"It's been one hell of a ride...but all things must come to an end." That's the word from Brennan Mann and Spencer O'Bryan, who announced on Facebook Tuesday that they will close Fermaentra Brewing.
The brewery, which has occupied an open, brick-walled space near the University of Denver since late 2014, will wind things down over the next few weeks before a final party on February 23.
"Why are we doing this? Long story short, a lot of overhead has forced some difficult decisions in the last year, and with costs on the rise we don’t foresee being able to operate Fermaentra at the Evans location in a sustainable manner," the owners said in their note. "Yeah, we are sad, too."
And although Femaentra is closing, Mann and O'Bryan say they are transferring their space to "a brewery with a fresh and exciting model" that will take its place. "We can’t disclose the brewery’s name or their plan, but trust us, it will be a very unique model for the Denver area," they wrote.
If you like this story, consider signing up for our email newsletters.
SHOW ME HOW
You have successfully signed up for your selected newsletter(s) - please keep an eye on your mailbox, we're movin' in!
The two friends, both longtime home brewers, decided to open a brewery in 2012. They ran into many problems along the way, however, including a name change (their original name, Halcyon Brewing, was already taken) and a four-month wait until Xcel Energy was able to get them enough power. But when it did open, the brewery brought something new and different to the neighborhood, which didn't have much craft beer.
While Fermaentra made a wide variety of styles, it specialized in big, bold beers, like Meristem, a robust Russian imperial stout, and Machination, a massively hoppy 10 percent ABV strong ale.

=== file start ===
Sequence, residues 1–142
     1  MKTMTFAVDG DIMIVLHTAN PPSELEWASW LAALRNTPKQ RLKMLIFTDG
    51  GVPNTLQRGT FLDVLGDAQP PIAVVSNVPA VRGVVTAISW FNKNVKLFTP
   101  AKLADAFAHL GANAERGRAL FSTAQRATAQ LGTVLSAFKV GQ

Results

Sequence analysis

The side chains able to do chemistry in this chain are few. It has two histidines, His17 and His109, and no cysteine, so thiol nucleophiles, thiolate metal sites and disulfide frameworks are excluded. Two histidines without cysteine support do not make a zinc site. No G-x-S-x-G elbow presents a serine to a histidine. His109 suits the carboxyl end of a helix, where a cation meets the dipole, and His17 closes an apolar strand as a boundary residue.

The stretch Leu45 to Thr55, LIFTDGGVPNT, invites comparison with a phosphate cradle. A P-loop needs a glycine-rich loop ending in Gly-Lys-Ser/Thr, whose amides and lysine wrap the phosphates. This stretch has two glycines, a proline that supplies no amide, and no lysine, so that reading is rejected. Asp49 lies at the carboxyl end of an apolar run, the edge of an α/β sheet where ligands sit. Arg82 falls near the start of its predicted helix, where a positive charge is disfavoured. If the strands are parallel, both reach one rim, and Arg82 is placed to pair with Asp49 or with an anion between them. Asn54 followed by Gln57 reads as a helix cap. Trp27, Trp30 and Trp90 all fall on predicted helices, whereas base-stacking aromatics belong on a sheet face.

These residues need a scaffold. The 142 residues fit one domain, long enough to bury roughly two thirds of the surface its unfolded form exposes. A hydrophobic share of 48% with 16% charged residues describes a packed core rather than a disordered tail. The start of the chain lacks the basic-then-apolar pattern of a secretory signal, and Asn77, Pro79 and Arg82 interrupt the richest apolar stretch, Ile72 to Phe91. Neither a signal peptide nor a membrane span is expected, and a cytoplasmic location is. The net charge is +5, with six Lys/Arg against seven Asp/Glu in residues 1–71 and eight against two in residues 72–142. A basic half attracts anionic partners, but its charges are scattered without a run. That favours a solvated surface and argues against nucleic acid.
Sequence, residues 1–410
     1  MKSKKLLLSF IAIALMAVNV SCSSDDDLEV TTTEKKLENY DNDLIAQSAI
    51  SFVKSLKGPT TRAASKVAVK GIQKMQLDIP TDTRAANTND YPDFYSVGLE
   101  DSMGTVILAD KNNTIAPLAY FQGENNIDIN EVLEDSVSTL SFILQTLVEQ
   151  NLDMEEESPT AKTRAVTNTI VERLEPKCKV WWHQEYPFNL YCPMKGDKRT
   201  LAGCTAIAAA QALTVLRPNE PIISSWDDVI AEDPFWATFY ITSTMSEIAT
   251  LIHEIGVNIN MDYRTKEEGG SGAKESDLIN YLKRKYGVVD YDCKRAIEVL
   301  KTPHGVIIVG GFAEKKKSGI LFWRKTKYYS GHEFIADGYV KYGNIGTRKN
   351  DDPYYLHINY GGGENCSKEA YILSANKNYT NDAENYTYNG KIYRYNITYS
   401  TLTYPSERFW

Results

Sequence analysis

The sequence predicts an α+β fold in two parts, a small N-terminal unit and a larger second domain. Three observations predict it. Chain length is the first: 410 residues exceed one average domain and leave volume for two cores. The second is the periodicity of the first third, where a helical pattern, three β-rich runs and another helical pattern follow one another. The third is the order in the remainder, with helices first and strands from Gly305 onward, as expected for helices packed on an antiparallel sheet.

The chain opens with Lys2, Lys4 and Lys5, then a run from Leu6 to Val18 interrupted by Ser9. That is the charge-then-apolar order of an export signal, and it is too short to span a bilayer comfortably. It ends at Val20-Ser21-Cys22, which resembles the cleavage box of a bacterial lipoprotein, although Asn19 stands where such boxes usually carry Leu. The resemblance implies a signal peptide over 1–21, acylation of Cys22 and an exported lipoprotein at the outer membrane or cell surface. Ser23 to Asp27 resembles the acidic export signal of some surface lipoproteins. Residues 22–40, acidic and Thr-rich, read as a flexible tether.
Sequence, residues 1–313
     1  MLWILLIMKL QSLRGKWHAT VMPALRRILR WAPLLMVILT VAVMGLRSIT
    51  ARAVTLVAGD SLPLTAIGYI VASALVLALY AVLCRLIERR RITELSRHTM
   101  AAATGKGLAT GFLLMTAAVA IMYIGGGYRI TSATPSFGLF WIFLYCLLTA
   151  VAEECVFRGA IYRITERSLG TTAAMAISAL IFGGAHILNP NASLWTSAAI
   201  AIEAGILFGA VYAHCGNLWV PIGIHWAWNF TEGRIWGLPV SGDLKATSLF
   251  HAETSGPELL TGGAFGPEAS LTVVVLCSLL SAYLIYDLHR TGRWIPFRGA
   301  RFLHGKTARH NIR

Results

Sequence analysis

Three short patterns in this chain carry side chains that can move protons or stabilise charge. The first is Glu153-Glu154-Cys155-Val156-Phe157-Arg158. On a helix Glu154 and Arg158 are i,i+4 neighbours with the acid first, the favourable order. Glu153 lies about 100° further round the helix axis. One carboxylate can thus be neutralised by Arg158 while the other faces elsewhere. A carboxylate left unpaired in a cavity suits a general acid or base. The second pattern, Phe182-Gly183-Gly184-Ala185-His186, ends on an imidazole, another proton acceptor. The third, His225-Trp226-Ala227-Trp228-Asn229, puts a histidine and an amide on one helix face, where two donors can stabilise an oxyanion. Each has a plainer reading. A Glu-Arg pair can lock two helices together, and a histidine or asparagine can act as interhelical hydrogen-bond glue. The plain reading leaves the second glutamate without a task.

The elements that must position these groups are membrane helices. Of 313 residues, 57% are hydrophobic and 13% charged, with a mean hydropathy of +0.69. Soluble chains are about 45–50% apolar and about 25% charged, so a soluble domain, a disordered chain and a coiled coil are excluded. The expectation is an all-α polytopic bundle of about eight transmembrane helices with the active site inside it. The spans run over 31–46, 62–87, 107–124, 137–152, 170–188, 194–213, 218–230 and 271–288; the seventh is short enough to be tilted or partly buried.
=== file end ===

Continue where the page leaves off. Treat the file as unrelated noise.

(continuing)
When it closes, about seven months shy of its fifth anniversary, Fermaentra will become just one of a handful of Denver breweries to close in the past few years. Unfortunately, it will probably be far from the last, as increased competition and rising rents have made it difficult for many breweries to stay afloat. Two other metro-area breweries, Centennial's Lost Highway and Lafayette's Uturn BBQ and Brewery, closed in January.
"Over the years there is one overarching principle to everything we have ever done: integrity. We have strived to create well made beer, provide a venue to the community that they can be proud of, and employ a team of dedicated people who make no compromises in how they do their work. We’re proud to say we have accomplished those things," the owners wrote. "Finally, we just want to say thank you. Thank you to our fellow craft brewers, to our suppliers, our absolute soldiers of crew members (past and present), and to our loyal patrons — this has been a dream come true and we will never forget the times we shared over a few brews."